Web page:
To know what question one should, reasonably, ask is already a great and necessary proof of one’s sagacity and insight. For if the question is in itself absurd and demands answers that are unnecessary, then it not only embarrasses the person raising it, but sometimes has the further disadvantage of misleading the incautious listener: it may prompt him to give absurd answers and to provide us with the ridiculous spectacle (as the ancients said) one person milks the ram while the other holds a sieve underneath.”*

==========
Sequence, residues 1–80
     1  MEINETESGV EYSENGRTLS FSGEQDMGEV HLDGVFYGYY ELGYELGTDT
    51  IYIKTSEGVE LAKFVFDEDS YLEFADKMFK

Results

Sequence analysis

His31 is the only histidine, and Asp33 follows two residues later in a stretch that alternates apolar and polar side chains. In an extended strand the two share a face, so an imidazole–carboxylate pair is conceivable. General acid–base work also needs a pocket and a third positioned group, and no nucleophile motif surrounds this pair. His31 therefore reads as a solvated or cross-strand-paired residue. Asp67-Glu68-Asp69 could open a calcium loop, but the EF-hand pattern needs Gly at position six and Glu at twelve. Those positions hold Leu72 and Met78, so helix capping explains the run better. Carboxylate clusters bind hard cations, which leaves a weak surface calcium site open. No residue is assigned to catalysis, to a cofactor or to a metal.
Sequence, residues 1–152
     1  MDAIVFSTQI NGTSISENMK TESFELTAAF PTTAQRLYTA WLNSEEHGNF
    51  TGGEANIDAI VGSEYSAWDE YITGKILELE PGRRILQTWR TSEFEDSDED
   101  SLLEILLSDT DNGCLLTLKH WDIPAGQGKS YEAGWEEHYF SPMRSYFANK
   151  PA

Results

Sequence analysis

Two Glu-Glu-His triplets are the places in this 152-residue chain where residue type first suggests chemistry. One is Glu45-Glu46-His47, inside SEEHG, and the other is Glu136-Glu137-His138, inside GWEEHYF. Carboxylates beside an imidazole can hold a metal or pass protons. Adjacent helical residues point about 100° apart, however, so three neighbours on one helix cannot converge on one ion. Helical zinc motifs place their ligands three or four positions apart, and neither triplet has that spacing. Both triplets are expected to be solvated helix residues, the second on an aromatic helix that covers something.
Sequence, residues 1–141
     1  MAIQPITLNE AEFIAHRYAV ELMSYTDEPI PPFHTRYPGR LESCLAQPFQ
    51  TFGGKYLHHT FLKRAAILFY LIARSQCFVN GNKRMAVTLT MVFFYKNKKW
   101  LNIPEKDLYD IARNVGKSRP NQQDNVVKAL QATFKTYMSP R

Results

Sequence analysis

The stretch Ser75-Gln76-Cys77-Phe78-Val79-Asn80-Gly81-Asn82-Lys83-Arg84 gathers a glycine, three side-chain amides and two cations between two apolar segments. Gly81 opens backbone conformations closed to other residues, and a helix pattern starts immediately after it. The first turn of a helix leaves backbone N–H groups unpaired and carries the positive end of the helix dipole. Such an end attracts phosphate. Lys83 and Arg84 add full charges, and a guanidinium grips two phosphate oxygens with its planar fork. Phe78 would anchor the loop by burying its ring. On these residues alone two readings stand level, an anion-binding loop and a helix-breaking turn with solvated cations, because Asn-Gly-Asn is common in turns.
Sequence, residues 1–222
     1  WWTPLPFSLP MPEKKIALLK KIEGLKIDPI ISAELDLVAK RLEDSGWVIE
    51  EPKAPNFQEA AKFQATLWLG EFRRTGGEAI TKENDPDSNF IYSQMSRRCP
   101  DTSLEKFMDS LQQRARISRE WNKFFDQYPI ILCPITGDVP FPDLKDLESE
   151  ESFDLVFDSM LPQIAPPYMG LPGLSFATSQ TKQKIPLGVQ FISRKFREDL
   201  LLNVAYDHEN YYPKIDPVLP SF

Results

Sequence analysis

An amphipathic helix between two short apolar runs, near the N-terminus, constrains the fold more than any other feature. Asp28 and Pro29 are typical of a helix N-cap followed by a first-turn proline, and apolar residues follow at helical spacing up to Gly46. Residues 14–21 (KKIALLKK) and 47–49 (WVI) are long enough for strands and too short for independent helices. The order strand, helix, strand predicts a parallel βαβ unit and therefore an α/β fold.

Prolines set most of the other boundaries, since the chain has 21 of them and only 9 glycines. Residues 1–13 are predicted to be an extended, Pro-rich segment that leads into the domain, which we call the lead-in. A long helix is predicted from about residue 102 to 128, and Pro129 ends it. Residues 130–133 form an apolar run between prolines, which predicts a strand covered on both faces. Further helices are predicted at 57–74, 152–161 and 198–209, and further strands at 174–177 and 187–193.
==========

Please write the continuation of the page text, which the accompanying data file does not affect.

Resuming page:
*Reference works characterize this saying as a Greco-Roman proverb quoted (e.g.) in Sameul Hieron, Works (1616), i, 586; and in John Hales, Several Tracts (1656), 40. Milking of rams is mentioned also in Vergil’s Eclogues, iii, 91.